We can also anticipate substantial temperature and power load fluctuations in ICT equipment now that virtual servers and networks have become so commonplace. To coordinate and harmonize the power supplies for ICT equipment with the air conditioning used to cool exhaust from that equipment, we must be able to track CPU (central processing unit) utilization, traffic loads, and other process load fluctuations and to control the amount of power consumed. A datacenter energy management system (DEMS) that will minimize these problems by coordinating and implementing optimum control between air conditioners and ICT equipment is currently under development [4].

2.1.2 Energy-storage technologies

ICT services must remain up and running not only during normal times, but also in the event of a disaster. Indeed, ICT services are even more critical when a disaster strikes. The NTT Group maintains robust backup power sources to ensure that ICT services are not interrupted by power outages. R&D work continues to focus on cost-effective high-energy-density storage batteries for telecommunications that provide the compactness and long battery life required of backup power systems.

2.1.3 Energy-creating technologies

The importance of creating low-carbon clean energy and not simply relying on commercial power became apparent in the aftermath of the Great East Japan Earthquake of March 2011. One such energy-creating technology under development at NTT Energy and Environment Systems Laboratories is the high-efficiency solid oxide fuel cell [5].

In addition, the recent implementation of a renewable energy buyback program in Japan in July 2012 is expected to accelerate the adoption of solar, wind, and other sources of renewable energy. However, the electricity-creating capacity of solar and wind power varies tremendously depending on climate and weather conditions. For the telecom sector to effectively exploit renewables, we must be able to accurately estimate and optimally control electricity generated from renewables on the supply side and energy consumed by telecom buildings and datacenters on the demand side. NTT Energy and Environment Systems Laboratories is working on an integrated PCS (power conditioning system). It provides stable centralized control that ensures a highly reliable power supply required for critical telecom loads.

A projection of energy management advances for telecom facilities that illustrates how these technologies will continue to evolve is shown in Fig. 4. Currently, we are seeing rapid expansion of the visualization capabilities that enable us to observe electrical power, temperature, and other pertinent data for entire buildings and for individual pieces of equipment. NTT Energy and Environment Systems Laboratories is also developing a way to visualize energy demand situations and to implement demand-side optimum control using DEMSs, DC power supply, and other tools, while seeking to improve energy efficiency. Finally, through a combination of storage batteries and solar power generation, we are working on a two-way (supply and demand) optimum energy control scheme covering a wide area that implements a robust sustainable infrastructure 24 hours a day, 365 days a year.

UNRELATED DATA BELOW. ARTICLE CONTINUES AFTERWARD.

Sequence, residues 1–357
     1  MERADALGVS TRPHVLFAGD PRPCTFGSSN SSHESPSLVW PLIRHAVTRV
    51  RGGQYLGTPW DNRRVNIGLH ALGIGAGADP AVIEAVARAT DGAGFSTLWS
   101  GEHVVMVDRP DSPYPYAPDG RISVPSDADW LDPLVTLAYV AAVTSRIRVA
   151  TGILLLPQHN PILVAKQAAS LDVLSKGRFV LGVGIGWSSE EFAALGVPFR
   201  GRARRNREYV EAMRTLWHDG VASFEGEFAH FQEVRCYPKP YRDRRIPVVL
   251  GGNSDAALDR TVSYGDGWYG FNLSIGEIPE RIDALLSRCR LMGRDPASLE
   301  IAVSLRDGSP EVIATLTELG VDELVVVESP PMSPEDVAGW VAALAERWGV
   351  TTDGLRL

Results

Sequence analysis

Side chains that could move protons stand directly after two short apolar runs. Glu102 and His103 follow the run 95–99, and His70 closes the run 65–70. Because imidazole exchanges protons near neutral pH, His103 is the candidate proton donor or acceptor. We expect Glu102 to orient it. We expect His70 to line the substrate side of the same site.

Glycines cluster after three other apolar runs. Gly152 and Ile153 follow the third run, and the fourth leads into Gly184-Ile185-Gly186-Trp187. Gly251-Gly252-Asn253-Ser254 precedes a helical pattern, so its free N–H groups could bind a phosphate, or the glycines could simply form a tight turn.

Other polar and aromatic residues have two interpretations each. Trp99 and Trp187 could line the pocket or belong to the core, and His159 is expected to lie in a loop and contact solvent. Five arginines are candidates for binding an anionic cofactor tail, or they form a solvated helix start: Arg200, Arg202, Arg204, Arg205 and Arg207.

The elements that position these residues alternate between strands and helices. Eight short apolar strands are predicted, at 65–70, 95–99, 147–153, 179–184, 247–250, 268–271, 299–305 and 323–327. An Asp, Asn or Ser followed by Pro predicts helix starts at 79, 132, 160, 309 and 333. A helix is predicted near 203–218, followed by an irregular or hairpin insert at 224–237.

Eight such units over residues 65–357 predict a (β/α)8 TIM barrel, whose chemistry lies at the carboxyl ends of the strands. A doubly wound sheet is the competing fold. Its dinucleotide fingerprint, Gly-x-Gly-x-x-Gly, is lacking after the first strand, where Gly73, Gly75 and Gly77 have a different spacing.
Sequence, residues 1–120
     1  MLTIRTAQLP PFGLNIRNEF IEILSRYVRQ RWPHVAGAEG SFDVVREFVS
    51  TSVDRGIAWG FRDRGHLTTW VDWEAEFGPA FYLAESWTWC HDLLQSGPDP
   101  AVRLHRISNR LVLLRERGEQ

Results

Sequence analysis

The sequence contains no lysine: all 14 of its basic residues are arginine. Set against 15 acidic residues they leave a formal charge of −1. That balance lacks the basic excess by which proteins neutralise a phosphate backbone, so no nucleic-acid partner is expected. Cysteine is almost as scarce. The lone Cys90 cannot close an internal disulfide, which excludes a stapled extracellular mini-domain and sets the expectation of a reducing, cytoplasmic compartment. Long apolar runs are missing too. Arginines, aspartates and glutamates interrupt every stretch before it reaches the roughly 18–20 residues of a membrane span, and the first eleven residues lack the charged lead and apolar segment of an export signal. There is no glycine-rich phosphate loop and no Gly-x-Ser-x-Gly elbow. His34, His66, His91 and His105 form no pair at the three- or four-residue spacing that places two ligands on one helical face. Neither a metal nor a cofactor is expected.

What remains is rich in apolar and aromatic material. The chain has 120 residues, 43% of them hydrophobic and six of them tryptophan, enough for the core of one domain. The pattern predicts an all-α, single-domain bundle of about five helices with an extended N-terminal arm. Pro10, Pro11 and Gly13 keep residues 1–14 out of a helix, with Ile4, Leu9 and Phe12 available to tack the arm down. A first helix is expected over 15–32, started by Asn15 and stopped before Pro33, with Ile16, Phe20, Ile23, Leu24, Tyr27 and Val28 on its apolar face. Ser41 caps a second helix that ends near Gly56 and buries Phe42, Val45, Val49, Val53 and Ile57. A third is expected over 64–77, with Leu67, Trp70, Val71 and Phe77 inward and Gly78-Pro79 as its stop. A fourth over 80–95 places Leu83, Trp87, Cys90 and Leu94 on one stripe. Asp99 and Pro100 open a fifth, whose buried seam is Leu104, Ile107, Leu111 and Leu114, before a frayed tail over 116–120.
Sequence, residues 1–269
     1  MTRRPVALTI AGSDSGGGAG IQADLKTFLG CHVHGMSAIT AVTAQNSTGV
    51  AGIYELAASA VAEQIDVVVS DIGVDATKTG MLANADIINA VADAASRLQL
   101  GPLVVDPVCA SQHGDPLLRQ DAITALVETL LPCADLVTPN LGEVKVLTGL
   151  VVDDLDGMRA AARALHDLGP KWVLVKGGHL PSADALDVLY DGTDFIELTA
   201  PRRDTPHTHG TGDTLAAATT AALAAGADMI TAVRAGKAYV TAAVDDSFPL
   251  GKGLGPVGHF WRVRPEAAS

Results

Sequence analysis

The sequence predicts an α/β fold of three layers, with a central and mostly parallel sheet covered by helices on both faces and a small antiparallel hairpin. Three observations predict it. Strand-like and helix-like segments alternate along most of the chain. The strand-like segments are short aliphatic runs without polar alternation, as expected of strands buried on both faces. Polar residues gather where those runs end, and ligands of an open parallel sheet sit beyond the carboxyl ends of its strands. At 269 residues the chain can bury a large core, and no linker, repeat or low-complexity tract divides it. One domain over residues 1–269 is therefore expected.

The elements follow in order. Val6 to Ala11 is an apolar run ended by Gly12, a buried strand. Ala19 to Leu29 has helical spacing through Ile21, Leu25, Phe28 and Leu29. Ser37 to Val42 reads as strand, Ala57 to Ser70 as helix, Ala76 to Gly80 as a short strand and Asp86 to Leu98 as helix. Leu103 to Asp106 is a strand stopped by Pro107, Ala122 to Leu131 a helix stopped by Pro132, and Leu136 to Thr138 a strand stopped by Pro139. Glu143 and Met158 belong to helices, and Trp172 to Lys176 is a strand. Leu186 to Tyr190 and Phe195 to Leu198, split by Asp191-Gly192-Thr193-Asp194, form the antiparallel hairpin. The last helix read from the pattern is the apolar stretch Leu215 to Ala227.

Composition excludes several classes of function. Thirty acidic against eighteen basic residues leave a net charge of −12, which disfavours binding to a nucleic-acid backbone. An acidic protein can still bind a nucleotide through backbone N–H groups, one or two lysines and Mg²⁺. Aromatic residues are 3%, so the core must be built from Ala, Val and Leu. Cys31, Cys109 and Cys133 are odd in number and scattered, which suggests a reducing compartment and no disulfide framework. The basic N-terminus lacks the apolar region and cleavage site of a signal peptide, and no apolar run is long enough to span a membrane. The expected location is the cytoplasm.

Fig. 4. Projected upgrade of energy management.

2.2 Green infrastructure technologies

As Japan’s flagship provider of ICT services, the NTT Group owns a vast amount of equipment and resources including ICT equipment, telephone poles, and communication cabling. All of this equipment is eventually taken out of service when it reaches the end of its useful life or when equipment is overhauled to accommodate new systems. The NTT Group discards close to 800,000 tons of waste every year but is now pursuing an ambitious program to slash company-generated waste to zero emission by reusing and recycling obsolete equipment and other materials. NTT Energy and Environment Systems Laboratories has stepped up resource-saving R&D initiatives by focusing on: (1) life-prolonging technologies that extend the useful service life of resources for as long as possible and (2) recycling technologies that promote reuse of value added materials. Specific initiatives include analyzing the breakdown mechanisms of materials, introducing technologies to extend the life of materials, developing diagnostic tools for visualizing the vulnerability to salt damage and other risks [6], designing equipment for long life and durability that minimizes the amount of resources going into telecom equipment from the time it is manufactured until it reaches the end of its useful life and is taken out of service, and finally, using recycling-friendly technologies to facilitate disassembly of equipment and easy salvage of rare metals and other useful components.